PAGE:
Although the cerebellum is mainly known as a sensory/motor structure, its influence and connections reach many regions known for cognitive function, emotion, and reward. I will present evidence for the idea that the cerebellum acts during sensitive periods to shape the developing brain. This hypothesis can explain a wide range of observations in autism, and may illuminate how the brain's wiring is shaped by early-life sensory experience.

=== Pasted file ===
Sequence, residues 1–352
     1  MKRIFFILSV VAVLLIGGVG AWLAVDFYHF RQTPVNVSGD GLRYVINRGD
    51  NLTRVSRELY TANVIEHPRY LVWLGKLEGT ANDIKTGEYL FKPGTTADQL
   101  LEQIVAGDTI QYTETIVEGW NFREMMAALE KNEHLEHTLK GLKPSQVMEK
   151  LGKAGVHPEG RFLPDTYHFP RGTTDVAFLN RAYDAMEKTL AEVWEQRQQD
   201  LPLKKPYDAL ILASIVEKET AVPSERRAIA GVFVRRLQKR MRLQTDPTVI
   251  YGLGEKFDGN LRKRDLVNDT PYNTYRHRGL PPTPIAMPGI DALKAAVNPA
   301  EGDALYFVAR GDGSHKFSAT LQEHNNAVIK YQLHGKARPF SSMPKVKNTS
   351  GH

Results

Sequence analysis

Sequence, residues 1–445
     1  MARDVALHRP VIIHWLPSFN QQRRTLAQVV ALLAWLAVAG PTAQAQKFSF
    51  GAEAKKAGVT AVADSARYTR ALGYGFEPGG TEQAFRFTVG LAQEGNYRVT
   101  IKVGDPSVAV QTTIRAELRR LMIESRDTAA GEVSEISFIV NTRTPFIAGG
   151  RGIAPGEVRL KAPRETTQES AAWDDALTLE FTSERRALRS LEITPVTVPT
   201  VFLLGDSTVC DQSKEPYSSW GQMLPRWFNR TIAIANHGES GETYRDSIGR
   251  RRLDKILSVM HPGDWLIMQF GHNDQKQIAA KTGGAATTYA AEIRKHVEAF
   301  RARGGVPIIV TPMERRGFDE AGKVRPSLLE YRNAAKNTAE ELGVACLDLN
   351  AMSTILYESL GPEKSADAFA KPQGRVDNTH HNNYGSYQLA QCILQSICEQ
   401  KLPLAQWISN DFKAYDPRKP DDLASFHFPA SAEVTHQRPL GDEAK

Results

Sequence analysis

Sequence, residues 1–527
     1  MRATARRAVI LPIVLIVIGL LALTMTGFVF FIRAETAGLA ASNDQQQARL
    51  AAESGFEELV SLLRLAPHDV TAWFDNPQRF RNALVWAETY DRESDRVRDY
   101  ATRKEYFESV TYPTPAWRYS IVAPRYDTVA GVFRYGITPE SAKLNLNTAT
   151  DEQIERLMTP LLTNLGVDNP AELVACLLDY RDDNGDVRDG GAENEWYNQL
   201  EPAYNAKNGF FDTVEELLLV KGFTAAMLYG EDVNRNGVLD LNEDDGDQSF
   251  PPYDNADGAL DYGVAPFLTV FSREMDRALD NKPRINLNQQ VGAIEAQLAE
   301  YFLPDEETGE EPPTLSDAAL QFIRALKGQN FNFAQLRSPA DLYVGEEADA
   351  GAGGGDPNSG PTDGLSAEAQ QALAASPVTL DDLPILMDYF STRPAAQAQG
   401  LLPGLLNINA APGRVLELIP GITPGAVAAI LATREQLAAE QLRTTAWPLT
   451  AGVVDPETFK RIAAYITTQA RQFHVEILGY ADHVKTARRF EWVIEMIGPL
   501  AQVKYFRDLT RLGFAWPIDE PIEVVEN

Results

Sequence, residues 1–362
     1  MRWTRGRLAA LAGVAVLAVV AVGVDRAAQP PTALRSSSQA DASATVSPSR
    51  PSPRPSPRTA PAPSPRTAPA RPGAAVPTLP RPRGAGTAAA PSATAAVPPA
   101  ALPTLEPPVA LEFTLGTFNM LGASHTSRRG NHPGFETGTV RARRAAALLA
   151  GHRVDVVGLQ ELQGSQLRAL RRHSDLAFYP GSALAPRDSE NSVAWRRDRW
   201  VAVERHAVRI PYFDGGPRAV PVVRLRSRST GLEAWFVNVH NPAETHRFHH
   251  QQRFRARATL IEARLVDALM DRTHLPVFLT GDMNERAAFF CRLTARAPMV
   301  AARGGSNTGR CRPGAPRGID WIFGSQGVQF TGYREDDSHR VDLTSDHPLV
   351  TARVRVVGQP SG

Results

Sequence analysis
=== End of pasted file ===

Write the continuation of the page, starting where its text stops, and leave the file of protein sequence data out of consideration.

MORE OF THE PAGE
Sam Wang is a professor of neuroscience at Princeton. The Wang laboratory does basic research in several areas: (1) information processing in the cerebellum, including its contributions to motor learning; (2) cerebellar roles in cognitive and affective function and autism spectrum disorder; (3) the improvement of tools for awake, in vivo optical imaging; and (4) synaptic learning rules throughout the brain.